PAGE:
Yacht salvage at Farallones may be delayed months

(KGO)
April 17, 2012 6:42:18 PM PDT
There is now a race against time to remove the sailboat involved in the fatal weekend shipwreck at the Farallon Islands. Nesting season at the protected sanctuary is about to begin and that means the salvage operation could be on hold for months.

Salvage crews have a very small window to remove the boat. If they don't start Wednesday, it may be too late. The 38-foot yacht sits atop jagged rocks, a visual reminder of the tragic accident. Once it's removed, it may help the grieving process for the loved ones of the crew who lost their lives. Sadly, it may be a long time before that happens.

"Right now, they're in the midst of pupping season for the seals and nesting time for the birds," says Tim Parker owner of Parker Diving Service, the salvaging company that will most likely remove the vessel. The nesting season is a big problem for Parker. The Farallones are a protected sanctuary. The birds will begin laying their eggs next week. "Once that occurs, it precludes any attempted salvage of the vessel because they don't want the birds disturbed during nesting season," Parkers explains.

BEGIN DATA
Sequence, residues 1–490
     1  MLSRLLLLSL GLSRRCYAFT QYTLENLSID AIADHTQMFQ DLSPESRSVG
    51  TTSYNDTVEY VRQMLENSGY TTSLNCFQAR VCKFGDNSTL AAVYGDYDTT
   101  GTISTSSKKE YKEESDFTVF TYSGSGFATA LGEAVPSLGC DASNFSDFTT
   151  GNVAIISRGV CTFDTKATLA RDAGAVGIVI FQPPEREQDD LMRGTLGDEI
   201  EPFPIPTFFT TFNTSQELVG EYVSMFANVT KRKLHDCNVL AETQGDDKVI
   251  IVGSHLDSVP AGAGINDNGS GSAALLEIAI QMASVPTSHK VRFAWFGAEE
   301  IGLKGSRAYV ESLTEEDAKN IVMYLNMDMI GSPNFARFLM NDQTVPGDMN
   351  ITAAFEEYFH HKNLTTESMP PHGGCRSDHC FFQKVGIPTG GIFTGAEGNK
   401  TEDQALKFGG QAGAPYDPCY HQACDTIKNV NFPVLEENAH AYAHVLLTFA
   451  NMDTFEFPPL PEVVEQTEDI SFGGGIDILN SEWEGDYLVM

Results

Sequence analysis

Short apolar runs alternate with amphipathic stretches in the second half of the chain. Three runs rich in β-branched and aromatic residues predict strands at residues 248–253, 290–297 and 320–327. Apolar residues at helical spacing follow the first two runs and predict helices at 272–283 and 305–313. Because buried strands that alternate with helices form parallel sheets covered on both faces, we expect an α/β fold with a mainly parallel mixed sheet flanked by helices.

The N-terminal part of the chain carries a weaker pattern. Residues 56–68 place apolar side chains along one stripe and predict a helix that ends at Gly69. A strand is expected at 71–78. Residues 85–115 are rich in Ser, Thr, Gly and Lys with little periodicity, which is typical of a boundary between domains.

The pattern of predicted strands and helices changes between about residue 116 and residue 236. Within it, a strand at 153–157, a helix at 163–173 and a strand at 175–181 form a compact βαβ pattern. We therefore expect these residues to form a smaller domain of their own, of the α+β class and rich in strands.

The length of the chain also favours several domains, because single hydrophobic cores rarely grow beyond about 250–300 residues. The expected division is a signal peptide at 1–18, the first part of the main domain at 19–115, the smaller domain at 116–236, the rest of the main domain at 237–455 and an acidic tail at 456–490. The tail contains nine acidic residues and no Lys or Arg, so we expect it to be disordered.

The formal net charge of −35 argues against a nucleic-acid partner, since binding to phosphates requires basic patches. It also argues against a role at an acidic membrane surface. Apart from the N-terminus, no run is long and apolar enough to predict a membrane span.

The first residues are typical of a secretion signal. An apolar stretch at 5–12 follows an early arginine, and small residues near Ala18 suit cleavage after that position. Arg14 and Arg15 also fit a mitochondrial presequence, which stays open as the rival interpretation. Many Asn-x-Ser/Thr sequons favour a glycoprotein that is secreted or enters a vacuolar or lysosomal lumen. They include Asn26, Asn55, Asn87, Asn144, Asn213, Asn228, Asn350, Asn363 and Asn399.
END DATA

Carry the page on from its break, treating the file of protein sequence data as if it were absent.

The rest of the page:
Parker has been contacted by the Coast Guard and officials from the sanctuary, but he hasn't heard from the boat owner's insurance company. If he doesn't begin now, he'll have to wait until October when the nesting season is over. He says it will take about five days to prepare and finish the salvage, which means airlifting the boat from the island. He says pulling it from the rocks would be environmentally unsound. "If it lands and gets jammed in one of the other rocks, it's going to break apart and then you're going to have all the fiber glass on the floor of the sea," he says.

In the meantime, fishermen are being extra vigilant. Now that the Coast Guard has suspended recovery operations, they're the ones who may find the bodies of the four men still missing at sea. Frank and Mike Rescino, third and fourth generation fishermen, say recovering the bodies may help loved ones find closure. "People that are trained on the ocean would spot a body immediately," Frank says. "It's a really big ocean, but it's a small tight-knit community and we all try to help each other out," Mike added.

Parker salvages boats all the way from Eureka to Monterey. In fact, he does most of the boat salvaging in the Bay Area. He says that if he has to wait until October, there is still a good chance the boat may be intact because storm season is just about over and the boat sits high upon the rocks, away from the biggest waves.


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